Asian Elephants’ Dietary Preferences expose them to Conflicts with Humans
Asian elephants have a sweet tooth for palms and bamboo. Photo Credit: Pixabay
Fully grown Asian elephants eat around 150kg of food every single day. Gourmands they are, yes. Yet by consuming so much vegetation they do more than just feed themselves; they also help keep complex ecosystems functioning well. For instance, by devouring larger plants they make way for smaller plants to grow. They also carry seeds far and wide in their dung, thereby assisting plants to spread across larger areas.
“Elephants also weed the forest, acting as ecological filters; they make certain plants scarce by selectively feeding on them, and others abundant just by not eating them,” explains Ahimsa Campos-Arceiz, the principal investigator for the Management and Ecology of Malaysian Elephants (MEME), a research project between Perhilitan and the University of Nottingham Malaysia Campus. The expert calls elephants the “gardeners of forests.”
Yet even if Asian elephants eat a lot, it doesn’t mean they will eat anything. It turns out that the jumbos are pretty fussy eaters. A team of researchers from the University of Nottingham Malaysia Campus and the University of Florida have set out to investigate the dietary habits and preferences of Asian elephants in the country and have found that the lumbering pachyderms have a marked preference for palm trees, grasses and bamboo within dense forests with closed canopies in the Royal Belum State Park and the Krau Wildlife Reserve in Pahang.
The researchers, who published their findings, “Foraging Impacts of Asian Magafauna on Tropical Rainforest Structure and Biodiversity,” in the journal Biotropica, discovered that Asian elephants, unlike their African counterparts, prefer to chow down monocot plants, such as palms, bamboo and grasses. This is an important finding because the animals’ dietary preferences expose them to greater risks of coming in contact with humans. That is because they may be more likely to try and raid oil palm plantations and bamboo groves, hereby drawing the ire of farmers and plantation owners. Just recently one of their cousins, a wild pygmy elephant, was shot dead in Sabah, likely by an angry farmer.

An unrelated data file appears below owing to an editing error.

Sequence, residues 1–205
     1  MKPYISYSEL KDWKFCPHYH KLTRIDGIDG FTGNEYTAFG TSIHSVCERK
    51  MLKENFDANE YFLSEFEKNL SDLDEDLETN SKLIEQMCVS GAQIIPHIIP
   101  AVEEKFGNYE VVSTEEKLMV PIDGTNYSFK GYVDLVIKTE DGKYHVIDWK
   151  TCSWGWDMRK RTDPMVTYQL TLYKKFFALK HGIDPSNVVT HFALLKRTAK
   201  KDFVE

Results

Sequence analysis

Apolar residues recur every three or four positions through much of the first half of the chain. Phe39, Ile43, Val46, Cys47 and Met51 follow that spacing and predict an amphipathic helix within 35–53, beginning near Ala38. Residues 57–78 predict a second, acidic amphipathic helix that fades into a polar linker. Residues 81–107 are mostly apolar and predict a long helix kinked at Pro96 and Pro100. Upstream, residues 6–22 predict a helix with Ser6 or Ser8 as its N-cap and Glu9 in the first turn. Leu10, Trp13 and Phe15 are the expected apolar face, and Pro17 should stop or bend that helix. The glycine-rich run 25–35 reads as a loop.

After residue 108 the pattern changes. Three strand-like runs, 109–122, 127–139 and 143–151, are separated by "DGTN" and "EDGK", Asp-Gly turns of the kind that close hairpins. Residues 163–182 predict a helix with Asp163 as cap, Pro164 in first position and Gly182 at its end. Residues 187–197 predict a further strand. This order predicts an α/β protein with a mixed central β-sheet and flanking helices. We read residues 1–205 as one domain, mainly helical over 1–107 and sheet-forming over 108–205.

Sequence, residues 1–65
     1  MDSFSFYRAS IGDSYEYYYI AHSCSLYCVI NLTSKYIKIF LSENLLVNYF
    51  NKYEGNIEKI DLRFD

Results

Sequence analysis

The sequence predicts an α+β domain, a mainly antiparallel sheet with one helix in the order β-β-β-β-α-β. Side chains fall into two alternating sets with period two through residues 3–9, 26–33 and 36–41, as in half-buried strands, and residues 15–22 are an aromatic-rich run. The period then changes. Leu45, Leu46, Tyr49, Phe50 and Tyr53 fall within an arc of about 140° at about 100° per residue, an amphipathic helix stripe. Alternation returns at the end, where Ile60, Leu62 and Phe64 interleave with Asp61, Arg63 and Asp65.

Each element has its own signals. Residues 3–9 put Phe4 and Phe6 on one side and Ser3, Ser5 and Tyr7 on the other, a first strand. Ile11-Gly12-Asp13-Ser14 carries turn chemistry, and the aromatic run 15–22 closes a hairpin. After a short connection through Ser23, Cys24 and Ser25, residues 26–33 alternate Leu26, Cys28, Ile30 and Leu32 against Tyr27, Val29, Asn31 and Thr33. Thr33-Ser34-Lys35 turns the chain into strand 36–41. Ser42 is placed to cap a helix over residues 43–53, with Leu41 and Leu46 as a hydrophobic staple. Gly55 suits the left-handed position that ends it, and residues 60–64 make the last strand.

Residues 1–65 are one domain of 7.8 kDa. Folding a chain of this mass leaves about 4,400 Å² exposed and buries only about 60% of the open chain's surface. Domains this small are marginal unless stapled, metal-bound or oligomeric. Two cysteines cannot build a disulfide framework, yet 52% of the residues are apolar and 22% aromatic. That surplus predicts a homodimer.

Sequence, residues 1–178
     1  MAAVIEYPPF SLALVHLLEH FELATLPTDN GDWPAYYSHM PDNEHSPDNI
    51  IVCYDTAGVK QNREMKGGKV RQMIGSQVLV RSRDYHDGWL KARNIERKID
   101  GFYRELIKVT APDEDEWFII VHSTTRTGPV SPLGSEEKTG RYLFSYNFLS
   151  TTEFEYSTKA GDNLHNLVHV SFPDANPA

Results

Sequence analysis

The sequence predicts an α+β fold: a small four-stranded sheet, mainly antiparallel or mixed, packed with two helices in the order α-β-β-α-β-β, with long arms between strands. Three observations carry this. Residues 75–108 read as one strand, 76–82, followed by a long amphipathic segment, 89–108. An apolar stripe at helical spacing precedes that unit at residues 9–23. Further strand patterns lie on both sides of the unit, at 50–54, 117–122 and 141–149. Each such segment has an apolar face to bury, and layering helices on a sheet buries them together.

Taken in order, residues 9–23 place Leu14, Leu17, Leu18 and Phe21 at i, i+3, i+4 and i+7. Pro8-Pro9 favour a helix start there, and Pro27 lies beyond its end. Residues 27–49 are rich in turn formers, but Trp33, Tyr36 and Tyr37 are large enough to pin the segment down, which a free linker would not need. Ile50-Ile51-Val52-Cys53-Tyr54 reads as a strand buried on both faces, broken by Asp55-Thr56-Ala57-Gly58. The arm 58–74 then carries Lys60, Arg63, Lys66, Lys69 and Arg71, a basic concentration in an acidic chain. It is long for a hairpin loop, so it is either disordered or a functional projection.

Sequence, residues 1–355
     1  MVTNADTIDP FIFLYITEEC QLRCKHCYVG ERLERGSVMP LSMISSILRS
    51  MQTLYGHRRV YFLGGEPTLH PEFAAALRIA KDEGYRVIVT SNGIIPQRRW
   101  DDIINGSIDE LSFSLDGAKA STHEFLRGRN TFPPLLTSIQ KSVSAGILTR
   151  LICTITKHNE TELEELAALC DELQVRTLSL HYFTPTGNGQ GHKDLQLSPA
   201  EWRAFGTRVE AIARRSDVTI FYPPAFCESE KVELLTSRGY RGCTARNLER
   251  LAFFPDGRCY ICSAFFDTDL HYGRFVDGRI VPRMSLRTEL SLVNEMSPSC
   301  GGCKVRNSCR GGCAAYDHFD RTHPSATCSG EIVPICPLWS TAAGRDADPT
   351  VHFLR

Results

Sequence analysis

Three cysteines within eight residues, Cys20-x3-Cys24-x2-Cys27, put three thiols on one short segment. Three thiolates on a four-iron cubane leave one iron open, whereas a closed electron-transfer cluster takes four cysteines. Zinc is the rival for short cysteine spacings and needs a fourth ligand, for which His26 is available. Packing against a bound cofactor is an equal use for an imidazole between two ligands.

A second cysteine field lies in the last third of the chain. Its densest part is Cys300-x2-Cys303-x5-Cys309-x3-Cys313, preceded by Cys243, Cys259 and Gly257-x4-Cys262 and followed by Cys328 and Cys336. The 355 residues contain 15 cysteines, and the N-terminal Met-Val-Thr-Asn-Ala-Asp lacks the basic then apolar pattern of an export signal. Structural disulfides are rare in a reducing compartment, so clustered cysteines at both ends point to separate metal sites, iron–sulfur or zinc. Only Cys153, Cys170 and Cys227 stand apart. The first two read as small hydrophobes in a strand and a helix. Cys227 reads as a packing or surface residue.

“Asian elephants seem to be more interested in monocot plants, especially palms,” Dr Campos-Arceiz explained. “These results have very interesting and important implications in terms of elephant ecological impact. Maybe this is the reason why Asian elephants do not seem to modify forest the way African elephants do. And human-elephant conflict is greater in Malaysia because we are planting palms which are the very food elephants love to eat.”
Sadly, the number of wild Asian elephants in Peninsular Malaysia has dropped over the past decades. Today there are somewhere between 1,220 and and 1,450, living in small herds spread across the states of Pahang, Terengganu, Kelantan, Kedah, Perak and Johor. The largest concentrations of the pachyderms live in a national park in Pahang. “To ensure that these elephant species survive, the cooperation of all parties is very much needed to play their respective roles,” Natural Resources and Environment Minister Wan Junaidi Tuanku Jaafar recently noted. “This earth is ours together. We should live in harmony with the flora and fauna that need each other for our survival in the future.”
Amen to that.